What Does One Transmit?

This is something Proclus wrote in his Parmenides commentary that I rarely go more than 2-3 days without thinking about.

Proclus is commenting on that part of the Parmenides (at 128d) where Zeno describes how awkward it was to go viral with a philosophical thing he wrote as a young man — someone stole a copy of it and distributed it. (It’s so relatable to the Internet era, isn’t it? When I was reading the dialogue itself way back when, I was like yikes.) Anyway.

718, trans. Morrow & Dillon:

Writings of a genuinely profound and theoretical character ought not to be communicated except with the greatest caution and considered judgment, lest we inadvertently expose to the slovenly hearing and neglect of the public the inexpressible thoughts of god-like souls. The human mind cannot receive all the contents of Intellect, for there are some things known to Intellect but inconceivable by us. Nor do we think it proper to put in speech all that we think of, for there are many matters that we keep secret and unexpressed, preferring to guard them in the enclosures of our minds. Nor do we put in writing all that we express in speech; we want to keep some things in our memories unwritten, or deposit them in the imaginations and thoughts of friends, not in lifeless things. Nor do we publish indiscriminately to all the world everything that we commit to writing, but only to those who are worthy of sharing them, indulging with discrimination our eagerness to make our treasures common property with others.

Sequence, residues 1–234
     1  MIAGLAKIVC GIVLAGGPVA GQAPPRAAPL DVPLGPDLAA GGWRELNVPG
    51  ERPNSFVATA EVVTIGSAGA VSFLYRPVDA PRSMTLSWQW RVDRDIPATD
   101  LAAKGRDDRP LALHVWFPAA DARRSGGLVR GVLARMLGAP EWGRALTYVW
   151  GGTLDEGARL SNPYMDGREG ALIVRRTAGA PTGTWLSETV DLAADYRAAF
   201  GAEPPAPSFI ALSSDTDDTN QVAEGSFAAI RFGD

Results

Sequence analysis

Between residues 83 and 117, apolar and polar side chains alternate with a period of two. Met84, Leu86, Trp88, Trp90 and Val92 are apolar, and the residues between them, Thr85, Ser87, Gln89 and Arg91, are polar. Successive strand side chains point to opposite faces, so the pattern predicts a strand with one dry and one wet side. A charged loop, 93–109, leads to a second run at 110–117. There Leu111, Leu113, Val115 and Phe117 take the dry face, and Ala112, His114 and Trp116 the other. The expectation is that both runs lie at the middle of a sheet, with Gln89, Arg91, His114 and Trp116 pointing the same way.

(Sooner or later, I’m going to move my long live-tweet reading thread into WordPress for posterity with some additional comments I have in a Google Drive document.)

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